Iranian elections: voting from afar

June 12, 2009

Leili Sreberny-MohammadiLeili Sreberny-Mohammadi is a British-Iranian based in London, and sometimes Tehran. The opinions expressed are her own. –

The images of a human chain along the 12 kilometres of Tehran’s main artery, Vali-Asr, has given me a gut-wrenching urge to book a flight to Tehran, to take part in what seems to be a historical moment, or what is at least being constructed as such.

Instead I have been busy scouring articles in English-language media describing the public mobilisation for the two leading candidates, Mir Hossein Moussavi and the incumbent president Mahmoud Ahmadinejad, as the largest political mobilisation of the public since the revolution in 1979. I wasn’t there then. The electric energy coursing through the city has also been likened to the atmosphere during the world cup in 1998. Nope, wasn’t there then either.

This is the predicament of Diaspora; caring about a place that you might rarely be in, wanting to understand events that you are miles apart from. But in 2009, it is easy to keep up with far away events by the magical means of the internet.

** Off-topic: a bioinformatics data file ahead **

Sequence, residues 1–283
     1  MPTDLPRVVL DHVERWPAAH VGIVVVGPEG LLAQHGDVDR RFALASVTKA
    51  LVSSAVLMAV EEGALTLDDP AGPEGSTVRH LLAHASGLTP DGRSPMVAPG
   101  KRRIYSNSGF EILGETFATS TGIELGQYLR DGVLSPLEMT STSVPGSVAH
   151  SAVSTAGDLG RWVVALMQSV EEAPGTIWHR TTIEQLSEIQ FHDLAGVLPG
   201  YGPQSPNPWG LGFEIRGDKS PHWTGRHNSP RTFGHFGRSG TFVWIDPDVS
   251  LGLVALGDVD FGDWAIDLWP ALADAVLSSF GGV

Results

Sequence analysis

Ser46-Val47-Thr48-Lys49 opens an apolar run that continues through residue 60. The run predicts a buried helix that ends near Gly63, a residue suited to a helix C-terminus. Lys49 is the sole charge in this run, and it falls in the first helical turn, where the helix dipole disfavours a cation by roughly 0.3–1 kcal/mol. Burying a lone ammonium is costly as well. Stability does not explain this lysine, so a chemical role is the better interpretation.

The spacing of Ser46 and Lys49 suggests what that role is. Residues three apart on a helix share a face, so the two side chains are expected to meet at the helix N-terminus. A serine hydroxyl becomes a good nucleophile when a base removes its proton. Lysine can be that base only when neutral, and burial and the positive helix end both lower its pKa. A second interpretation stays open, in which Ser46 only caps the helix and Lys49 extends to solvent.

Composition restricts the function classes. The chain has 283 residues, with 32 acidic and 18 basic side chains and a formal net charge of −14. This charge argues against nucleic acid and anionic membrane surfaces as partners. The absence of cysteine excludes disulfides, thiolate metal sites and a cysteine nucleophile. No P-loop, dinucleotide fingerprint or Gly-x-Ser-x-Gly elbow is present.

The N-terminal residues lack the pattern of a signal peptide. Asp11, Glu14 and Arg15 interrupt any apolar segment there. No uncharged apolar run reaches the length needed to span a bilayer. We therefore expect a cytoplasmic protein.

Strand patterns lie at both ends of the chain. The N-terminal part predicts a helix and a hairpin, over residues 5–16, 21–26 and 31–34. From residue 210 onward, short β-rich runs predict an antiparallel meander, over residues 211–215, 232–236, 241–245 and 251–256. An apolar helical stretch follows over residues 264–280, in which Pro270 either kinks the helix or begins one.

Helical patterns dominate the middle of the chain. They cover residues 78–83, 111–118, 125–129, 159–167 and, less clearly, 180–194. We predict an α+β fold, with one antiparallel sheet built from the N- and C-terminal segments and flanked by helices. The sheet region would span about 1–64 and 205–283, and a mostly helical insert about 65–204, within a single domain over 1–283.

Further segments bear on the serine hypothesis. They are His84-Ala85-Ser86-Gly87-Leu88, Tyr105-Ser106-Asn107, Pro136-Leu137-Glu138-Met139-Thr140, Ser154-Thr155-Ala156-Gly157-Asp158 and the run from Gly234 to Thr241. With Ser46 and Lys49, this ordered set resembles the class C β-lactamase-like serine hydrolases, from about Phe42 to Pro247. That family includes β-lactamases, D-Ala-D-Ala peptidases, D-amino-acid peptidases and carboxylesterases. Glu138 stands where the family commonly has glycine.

My constant online status has meant that Facebook, YouTube and Skype have been key ways in which I have kept in touch with what has been happening. Facebook provides a dominant source of photos, videos and links, plus nightly Skype chats with friends and family has helped me to understand what the opinions and atmosphere on the street is really like. Not able to watch the first ever televised debates between candidates live, YouTube has been the next best thing.

While the use of cyber-space has been key for campaigning, primarily for Ahamdinejad’s main rival, Mir Hossein Mousavi, and a means by which we can stay engaged in this presidential race, it has also been used to directly motivate Iranians outside of Iran to vote. An inspiring video filmed across major world cities featuring Iranians holding up signs in Farsi and English with the slogan “we vote” has been doing the rounds.

My inbox has also been inundated with emails from numerous individuals inside Iran with details of where to vote in the UK, U.S. and elsewhere. We are being asked to not sit idle simply watching the events unfold in recent weeks, but to demonstrate that we care about Iran’s future and participate. I, for one, will do just that and suggest that us in Diaspora should dust of our Iranian passports, and on June 12, finally put them to good use.

While we might not be able to march down Vali-Asr, we can certainly march to the embassy and cast our vote.


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